by Mitch Kokai
Senior Political Analyst, John Locke Foundation
Top Trump allies see Saturday’s rally in Tulsa as a chance to reset the campaign after two weeks of playing defense and reclaim attention from anti-police protests that have dominated weeks of news coverage.
They believe the president has suffered from not being able to connect with voters and that he is the best person to throw a negative spotlight back on to presumptive Democratic nominee Joe Biden. …
… The run-up to the event — the first rally since early March — has been fraught with controversy. The date has already been pushed back a day after the original date coincided with Juneteenth, a holiday commemorating the end of U.S. slavery.
Critics also warned that filling the 19,000-capacity arena with a raucous, noisy crowd would create conditions perfect for the spread of the novel coronavirus.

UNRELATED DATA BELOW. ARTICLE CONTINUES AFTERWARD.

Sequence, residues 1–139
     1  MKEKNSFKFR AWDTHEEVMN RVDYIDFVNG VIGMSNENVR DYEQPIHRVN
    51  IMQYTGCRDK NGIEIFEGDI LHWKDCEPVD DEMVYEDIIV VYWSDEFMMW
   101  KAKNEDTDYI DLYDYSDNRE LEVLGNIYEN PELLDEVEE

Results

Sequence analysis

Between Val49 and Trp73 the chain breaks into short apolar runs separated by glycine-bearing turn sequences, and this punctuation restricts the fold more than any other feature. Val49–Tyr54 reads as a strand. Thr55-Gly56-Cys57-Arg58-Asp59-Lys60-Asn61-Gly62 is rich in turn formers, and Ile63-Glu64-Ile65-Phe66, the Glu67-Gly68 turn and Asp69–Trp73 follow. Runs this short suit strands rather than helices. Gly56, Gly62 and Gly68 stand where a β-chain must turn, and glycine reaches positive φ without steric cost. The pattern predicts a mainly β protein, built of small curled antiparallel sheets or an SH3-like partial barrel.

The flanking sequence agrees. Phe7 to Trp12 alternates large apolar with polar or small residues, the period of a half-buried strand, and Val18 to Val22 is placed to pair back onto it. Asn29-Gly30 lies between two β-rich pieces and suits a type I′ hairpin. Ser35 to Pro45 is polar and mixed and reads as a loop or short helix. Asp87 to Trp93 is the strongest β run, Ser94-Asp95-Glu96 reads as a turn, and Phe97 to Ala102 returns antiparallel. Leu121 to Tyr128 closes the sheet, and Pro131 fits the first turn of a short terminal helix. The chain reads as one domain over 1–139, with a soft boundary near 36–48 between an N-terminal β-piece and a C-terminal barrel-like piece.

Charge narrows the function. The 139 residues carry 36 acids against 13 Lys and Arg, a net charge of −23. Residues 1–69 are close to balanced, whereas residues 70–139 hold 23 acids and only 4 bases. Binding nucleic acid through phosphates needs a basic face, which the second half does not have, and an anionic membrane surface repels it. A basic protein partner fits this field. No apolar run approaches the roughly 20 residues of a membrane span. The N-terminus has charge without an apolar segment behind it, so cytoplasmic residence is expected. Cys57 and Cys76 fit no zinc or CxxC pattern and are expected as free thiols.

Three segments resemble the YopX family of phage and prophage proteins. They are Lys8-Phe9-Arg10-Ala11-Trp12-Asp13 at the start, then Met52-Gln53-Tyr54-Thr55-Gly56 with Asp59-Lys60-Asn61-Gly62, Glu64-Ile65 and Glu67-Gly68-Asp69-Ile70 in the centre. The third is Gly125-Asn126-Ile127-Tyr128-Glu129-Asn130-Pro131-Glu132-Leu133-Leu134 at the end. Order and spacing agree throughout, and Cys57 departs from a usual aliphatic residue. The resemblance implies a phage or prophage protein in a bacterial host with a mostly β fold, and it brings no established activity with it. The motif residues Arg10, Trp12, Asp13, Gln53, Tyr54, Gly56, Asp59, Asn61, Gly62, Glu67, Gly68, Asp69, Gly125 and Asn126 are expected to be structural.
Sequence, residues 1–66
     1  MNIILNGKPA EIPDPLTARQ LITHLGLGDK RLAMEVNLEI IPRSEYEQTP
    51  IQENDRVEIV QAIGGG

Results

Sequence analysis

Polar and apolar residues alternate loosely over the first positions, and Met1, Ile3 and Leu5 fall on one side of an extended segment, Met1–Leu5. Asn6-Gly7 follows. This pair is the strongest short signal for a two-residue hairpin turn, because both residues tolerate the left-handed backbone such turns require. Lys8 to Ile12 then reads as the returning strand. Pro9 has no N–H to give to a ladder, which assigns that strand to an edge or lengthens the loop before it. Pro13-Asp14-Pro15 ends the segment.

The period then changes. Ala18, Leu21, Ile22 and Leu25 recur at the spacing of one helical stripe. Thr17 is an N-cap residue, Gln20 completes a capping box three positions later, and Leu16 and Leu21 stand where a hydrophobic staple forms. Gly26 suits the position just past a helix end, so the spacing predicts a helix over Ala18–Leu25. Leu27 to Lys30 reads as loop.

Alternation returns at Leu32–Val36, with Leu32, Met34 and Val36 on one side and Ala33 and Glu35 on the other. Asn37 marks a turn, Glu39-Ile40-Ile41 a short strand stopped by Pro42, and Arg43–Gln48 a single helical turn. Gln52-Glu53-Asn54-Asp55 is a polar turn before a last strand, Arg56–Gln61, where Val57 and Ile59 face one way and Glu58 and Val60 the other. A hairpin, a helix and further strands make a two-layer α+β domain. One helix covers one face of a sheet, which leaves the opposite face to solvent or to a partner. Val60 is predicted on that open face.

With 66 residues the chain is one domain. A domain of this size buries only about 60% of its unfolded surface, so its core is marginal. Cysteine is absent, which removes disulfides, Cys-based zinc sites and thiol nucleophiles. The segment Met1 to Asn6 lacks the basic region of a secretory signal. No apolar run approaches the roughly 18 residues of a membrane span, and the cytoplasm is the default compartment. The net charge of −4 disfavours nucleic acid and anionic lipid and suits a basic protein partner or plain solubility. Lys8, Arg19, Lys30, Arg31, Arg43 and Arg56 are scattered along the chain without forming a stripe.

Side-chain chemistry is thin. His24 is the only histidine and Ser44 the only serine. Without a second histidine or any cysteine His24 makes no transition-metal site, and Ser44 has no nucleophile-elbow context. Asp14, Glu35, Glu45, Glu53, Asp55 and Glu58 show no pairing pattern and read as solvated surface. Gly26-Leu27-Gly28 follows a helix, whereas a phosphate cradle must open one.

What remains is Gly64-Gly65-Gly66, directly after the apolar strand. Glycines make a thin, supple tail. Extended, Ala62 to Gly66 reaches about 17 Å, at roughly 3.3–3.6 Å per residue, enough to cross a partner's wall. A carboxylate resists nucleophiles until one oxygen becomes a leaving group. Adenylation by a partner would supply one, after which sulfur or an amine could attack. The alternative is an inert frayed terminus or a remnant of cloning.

At the weekend, Director of the Harvard Global Health Institute Ashish Jha Sunday tweeted that an indoor event with thousands of people stationary for hours created a greater risk than outdoor protests. …
… Supporters must sign a coronavirus liability disclaimer to attend. And on Monday, the campaign said it would be taking temperatures at the entrance to the BOK Center and would distribute masks and hand sanitizer to attendees.
Deputy campaign communications director Erin Perrine said: “The campaign takes the health and safety of rallygoers seriously and is taking precautions to make the rally safe.”
But Jeanne Zaino, professor of political science at Iona College, said the risks suggested deep urgency for a reset after two weeks of declining poll numbers and negative headlines.
“He’s got to be personally miserable at being stuck in the White House or New Jersey at the weekend and not being able to get his voice out there,” she said.